(Photo: REUTERS/Lucas Jackson)
A Gallup Poll released on Thursday, Independence Day, found that there is a major difference between the pride Americans feel for their country, and what they think the signers of the 1776 Declaration of Independence would say about how the country has turned out.
The survey found that 57 percent of those who responded are extremely proud to be American, and another 28 percent are very proud, while only 3 percent are "only a little proud" and 1 percent are not proud at all. At the same time, 71 percent believe the signers of the Declaration would be disappointed with how the country has turned out, while 27 percent believe they would be pleased.
"Americans are now much less likely than they were a decade ago to say the signers of the Declaration of Independence would be pleased with how the country has turned out," the Gallup report stated.
"This is most likely an outgrowth of Americans' current level of negativity toward their government, including the record-low level of confidence Americans have in Congress and the significant percentage of Americans who cite dissatisfaction with government as the third most important problem facing the country today."
The poll was conducted June 1-4 and June 20-24 and surveyed 1,529 and 2,048 adults respectively, and has a maximum margin of sampling error of ±3 percentage points.
In terms of U.S. pride, there were no big differences between age groups, and only small differences between political groups. As many as 93 percent of Republicans say they are extremely or very proud of their country, compared to 85 percent of Democrats and 81 percent of independents.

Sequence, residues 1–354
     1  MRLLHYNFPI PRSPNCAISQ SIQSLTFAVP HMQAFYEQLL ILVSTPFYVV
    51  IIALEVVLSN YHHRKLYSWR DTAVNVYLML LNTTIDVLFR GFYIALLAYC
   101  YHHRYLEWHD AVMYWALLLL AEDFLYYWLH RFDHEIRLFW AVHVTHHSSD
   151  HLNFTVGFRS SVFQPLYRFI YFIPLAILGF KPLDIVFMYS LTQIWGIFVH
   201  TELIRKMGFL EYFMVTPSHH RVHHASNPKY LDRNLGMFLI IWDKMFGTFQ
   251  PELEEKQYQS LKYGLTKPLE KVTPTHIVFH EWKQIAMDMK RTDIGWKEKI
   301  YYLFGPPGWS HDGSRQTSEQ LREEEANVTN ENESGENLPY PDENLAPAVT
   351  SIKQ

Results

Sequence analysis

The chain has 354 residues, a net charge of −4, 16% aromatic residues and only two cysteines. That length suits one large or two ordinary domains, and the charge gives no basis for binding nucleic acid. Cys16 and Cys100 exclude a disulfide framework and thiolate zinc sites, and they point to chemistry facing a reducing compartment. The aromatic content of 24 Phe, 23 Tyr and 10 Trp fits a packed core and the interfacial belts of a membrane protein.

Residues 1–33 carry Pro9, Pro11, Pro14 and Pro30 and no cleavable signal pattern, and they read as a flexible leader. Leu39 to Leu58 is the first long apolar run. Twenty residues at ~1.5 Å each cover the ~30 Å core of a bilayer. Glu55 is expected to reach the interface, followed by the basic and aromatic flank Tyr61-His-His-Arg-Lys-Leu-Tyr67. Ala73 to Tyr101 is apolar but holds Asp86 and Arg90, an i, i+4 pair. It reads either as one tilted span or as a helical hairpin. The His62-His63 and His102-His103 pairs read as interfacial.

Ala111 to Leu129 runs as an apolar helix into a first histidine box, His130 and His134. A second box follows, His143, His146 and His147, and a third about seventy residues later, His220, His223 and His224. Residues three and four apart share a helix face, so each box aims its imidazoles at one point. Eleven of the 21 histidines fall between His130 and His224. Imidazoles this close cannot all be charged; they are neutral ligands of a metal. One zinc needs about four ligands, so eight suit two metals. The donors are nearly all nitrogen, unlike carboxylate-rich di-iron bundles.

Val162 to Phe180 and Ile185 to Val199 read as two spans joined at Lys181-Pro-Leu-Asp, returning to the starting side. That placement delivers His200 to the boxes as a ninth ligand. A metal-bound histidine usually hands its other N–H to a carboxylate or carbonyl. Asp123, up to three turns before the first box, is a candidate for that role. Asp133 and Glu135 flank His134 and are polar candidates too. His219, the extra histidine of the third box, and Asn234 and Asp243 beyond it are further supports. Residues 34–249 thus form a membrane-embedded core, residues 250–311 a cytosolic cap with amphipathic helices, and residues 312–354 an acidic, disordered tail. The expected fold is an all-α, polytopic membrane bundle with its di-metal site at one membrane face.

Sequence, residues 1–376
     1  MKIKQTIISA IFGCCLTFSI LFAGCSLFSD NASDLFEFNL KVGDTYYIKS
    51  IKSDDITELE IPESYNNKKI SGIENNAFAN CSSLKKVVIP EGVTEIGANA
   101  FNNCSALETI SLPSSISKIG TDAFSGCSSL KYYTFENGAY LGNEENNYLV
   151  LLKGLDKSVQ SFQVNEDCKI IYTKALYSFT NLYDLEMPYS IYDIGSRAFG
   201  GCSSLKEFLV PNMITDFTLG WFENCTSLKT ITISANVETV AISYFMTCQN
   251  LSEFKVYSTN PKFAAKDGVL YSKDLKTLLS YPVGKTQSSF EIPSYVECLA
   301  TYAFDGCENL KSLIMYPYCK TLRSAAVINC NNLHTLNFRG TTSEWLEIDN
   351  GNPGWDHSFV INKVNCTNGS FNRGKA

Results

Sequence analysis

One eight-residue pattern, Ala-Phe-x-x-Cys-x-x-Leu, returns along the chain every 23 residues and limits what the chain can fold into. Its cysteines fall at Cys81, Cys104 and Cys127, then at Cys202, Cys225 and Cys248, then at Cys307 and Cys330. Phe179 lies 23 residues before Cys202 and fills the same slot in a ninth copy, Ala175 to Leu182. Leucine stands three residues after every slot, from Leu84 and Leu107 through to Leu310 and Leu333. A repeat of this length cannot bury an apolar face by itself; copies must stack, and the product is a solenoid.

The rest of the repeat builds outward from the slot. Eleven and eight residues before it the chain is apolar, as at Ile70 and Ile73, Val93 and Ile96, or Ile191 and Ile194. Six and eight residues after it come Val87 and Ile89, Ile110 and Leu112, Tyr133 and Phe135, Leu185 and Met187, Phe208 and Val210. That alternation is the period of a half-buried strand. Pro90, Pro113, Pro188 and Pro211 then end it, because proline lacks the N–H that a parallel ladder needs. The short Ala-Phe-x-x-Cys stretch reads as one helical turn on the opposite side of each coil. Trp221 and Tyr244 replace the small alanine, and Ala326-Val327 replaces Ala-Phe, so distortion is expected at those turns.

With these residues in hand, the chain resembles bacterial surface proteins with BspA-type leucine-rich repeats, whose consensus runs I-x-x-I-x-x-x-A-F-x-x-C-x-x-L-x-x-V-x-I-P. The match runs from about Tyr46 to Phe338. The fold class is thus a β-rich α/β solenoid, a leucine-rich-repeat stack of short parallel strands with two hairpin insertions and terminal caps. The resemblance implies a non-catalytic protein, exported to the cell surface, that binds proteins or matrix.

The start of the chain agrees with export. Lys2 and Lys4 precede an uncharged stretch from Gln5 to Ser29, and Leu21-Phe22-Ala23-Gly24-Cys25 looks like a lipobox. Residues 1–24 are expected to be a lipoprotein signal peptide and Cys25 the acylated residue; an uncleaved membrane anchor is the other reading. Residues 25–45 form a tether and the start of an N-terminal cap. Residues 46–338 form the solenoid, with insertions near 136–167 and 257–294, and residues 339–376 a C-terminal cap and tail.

This national pride is contrasted, however, by how Americans think the signers of the Declaration would see the U.S. in this day and age. In 2001, 54 percent of those surveyed said they believe the signers would be pleased, compared to only 27 percent today.
This time, Republicans are much more likely to say the signers would be disappointed – 86 percent believe they would disapprove of the state of America today. Only 56 percent of Democrats believe the same. Similarly, 83 percent of conservatives think the signers would be disappointed, compared to 54 percent of liberals.
"Still, the signers might feel more gratified if they knew that 237 years after they signed the Declaration of Independence, 85 percent of U.S. residents say they are proud to be an American," Gallup offered.
A poll in June by the Public Religion Research Institute in partnership with Religion News Service found that among religious groups, white evangelicals have the strongest sense of American pride.
Sixty-eight percent of white evangelicals said they were extremely proud to be American, compared to 56 percent of white mainline Protestants, 49 percent of minority Christians, 48 percent of Catholics, and 39 percent of non-religious Americans.